The NAPC response to the White Paper consultation, to be published early this month, will also call for GPs to face 'financial consequences' significant enough to drive them to look at their resource use.
'We are moving towards a system that will be lighter on performance management,' NAPC executive member Dr Charles Alessi said.
'It should be possible for there to be nothing or almost nothing, between that central body (The NHS Commissioning Board) and the consortia - but of course that will be difficult to deliver.'
GP consortia will be assessed on the health outcomes of their population but should be left to achieve it in any way they like, said Dr Alessi.
Health and Well Being boards - which will link consortia with local authorities - should give feedback to the commissioning board about what is working, he added.
If commissioning is to become 'a core part of everything GPs do', GPs must face financial losses if they are not contributing, he added. 'It is clear that the way this is managed and the financial consequences must be great enough to influence what one does,' he said.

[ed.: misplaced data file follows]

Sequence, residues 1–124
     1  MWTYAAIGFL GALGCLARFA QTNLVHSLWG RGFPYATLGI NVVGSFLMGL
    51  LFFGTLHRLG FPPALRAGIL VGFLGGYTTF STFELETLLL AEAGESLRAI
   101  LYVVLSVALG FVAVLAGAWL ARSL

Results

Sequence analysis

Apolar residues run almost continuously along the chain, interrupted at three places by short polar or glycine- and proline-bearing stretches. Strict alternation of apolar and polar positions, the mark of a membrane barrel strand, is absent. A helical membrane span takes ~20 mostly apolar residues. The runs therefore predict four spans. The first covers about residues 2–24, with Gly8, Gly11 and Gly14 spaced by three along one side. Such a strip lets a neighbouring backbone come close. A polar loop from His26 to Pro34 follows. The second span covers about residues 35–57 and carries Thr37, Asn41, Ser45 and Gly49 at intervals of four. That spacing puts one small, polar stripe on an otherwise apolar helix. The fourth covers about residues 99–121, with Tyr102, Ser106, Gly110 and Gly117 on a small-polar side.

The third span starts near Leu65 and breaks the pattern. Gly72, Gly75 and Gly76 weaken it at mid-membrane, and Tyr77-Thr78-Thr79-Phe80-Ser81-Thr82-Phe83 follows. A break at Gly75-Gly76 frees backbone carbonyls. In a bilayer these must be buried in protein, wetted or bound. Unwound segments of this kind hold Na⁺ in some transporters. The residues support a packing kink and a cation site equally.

If 'only 2 per cent' of GP income depends on involvement in commissioning, this is unlikely to provide strong motivation, Dr Alessi argued.
'If it is associated with a much higher proportion of income and proportional to the degree of change in terms of outcomes, we will get more accelerated change,' he said.
Dr Alessi said general practice must become 'more corporate - more predictable', with consortia agreeing the most appropriate pathways and treatments and monitoring how well GPs stick to them.
The NAPC also recommends consortia develop 'expert groups' to make rationing decisions - using NICE guidance but reflecting local needs.
The NHS Commissioning Board should have the final say on any decision to expel a poor practice from a consortium. It should take account of feedback from the consortium, and consider how easily the practice could move to another consortium, said Dr Alessi.